The computer and components illustrated in FIG. 2 are for explanation, not for limitation. In some other embodiments, embedded systems and other network-enabled devices may generate fragments of web pages in response to requests from portals and may insert code to collect data on web traffic in the fragment of the web page. In many other embodiments, the portlet module, the receiver, and the generator may be implemented in hardware, firmware, or in state machines or may form a component of an operating system.

Turning to FIG. 3, depicted is an embodiment of a portlet 300 that includes a receiver 305, a content generator 310, a fragment generator 325, and a transmitter 340. Receiver 305 may receive a request for a fragment of a web page from a portal. Receiver 305 may be implemented in hardware or software. For example, a receiver on a portlet may consist of a network interface card, a USB port, or a terminal adapter on a PCI (peripheral component interconnect) card. Receiver 305 may receive the request for a fragment of a web page in a variety of forms such as an HTTP request or a request for web services.

Content generator 310 may produce content to be included in the fragment of a web page produced by portlet 300. Content generator 310 includes content requester 315. Content requester 315 may obtain content from an external source, such as a web service which provides weather information or stock quotes. In other embodiments, content generator 310 may itself generate content. Content generator 310 may, for example, consist of a data base.

Fragment generator 325 includes fragment producer 330 and code inserter 335. Fragment producer 330 may produce a fragment of a web page responsive to a request from a portal. The content of the fragment may be provided by content generator 310. Fragment producer 330 may, for example, package content provided by content generator 310 into an HTML fragment. Code inserter 335 may insert code to collect data on web traffic in the fragment of a web page produced by fragment producer 330. The code may also transmit the data to a facility for the collection of data on web traffic of the portal and the portlet 300.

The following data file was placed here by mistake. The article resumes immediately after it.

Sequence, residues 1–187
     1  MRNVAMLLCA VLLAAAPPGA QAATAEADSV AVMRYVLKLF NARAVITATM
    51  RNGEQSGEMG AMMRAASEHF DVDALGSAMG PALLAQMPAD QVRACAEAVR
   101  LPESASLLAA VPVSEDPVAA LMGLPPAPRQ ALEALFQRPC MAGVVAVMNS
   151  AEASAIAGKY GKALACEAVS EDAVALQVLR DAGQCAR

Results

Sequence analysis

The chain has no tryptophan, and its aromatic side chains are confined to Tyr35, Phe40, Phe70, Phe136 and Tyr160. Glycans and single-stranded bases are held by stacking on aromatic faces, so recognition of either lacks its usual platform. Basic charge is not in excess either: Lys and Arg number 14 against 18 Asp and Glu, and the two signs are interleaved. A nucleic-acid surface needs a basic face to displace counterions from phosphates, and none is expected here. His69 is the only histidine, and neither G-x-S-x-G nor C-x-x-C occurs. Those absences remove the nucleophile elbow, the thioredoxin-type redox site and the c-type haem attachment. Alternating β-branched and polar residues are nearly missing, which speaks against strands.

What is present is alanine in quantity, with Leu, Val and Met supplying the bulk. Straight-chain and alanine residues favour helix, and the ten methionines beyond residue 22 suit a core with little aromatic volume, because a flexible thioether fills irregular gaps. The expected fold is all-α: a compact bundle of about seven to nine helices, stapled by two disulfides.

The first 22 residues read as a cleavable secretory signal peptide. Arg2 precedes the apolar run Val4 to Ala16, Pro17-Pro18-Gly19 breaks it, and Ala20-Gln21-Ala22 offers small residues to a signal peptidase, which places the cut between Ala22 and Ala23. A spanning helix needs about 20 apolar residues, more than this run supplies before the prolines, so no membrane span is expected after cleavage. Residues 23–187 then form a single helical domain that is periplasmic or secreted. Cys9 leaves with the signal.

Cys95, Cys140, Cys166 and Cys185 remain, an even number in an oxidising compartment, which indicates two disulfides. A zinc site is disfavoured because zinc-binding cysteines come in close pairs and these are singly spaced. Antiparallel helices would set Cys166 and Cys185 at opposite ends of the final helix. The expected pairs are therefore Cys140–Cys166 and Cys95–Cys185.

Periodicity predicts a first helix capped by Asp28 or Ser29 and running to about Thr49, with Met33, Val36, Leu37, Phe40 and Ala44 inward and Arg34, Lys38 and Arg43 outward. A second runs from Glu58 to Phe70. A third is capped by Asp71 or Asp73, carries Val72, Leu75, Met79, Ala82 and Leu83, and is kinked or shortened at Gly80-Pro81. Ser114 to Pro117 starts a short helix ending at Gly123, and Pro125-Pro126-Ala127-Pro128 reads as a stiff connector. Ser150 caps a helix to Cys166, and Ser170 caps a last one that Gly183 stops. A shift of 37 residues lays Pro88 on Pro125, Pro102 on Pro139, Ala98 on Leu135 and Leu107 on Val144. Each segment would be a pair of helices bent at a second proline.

Transmitter 340 may transmit the fragment of a web page produced by fragment generator 325 to the requesting portal according to a protocol agreed upon between the portal and portlet 300. The protocol may adhere to the WSRP standard, the JSR 168 standard or both. Transmitter 340 may be implemented in hardware or software.

FIG. 3 is for illustration and not limitation. Other embodiments may comprise different modules with different submodules. In many embodiments, a portlet may include a code library of functions to collect data on web traffic. The code library may consist of a Java class library or a Java tag library. In a few embodiments, fragment producer 330 and code inserter 335 may form a single module.

FIG. 4 depicts a flowchart of an embodiment to analyze web traffic of a portal. Flowchart 400 of FIG. 4 includes receiving a hit from a client (element 405). The hit may represent an end user requesting web content from a portal through use of a web browser. The hit may request data provided to the portal from a portlet. For example, the user may click on a portion of a web page representing access to content provided by a portlet, such as a portion of the web page illustrated in FIG. 5.

Turning to FIG. 5, illustrated is a layout of an example web page 500 which may be generated by a portal according to the method of FIG. 4. The layout of portal page 500 includes browser controls 502, theme 505, skins 510, 515, 520, and 525, and portlet content 530, 535, 540, and 545. The browser controls may include browser interface objects such as a title, menu bar, address bar, and icons for navigation, printing a page, and saving a page. The theme 505 includes portions of the web page not occupied by the browser controls, portlet contents, and skins. The theme 505 may provide the appearance and layout of the portal page 500, including colors, fonts, and images, and may provide for navigation within the portal page. For example, the theme 500 area may include a border and a title, navigation tabs, navigation trees, and other page-level text and graphics. A tab bar may represent multiple screens. A user may click on a tab from the tab bar to go to a particular screen.

The skins 510, 515, 520, 525 may represent the borders of areas of content provided by portlets. The skins 510, 515, 520, 525 may contain a title bar, title bar controls, toolbars and menus for interacting with the portlets. They may also contain controls to change the state of the portlet display. The controls may allow the end user to minimize the display allocated to a portlet, to maximize the display to the entire area of portal page 500, or to use the normal display of the portlet contents illustrated by FIG. 5.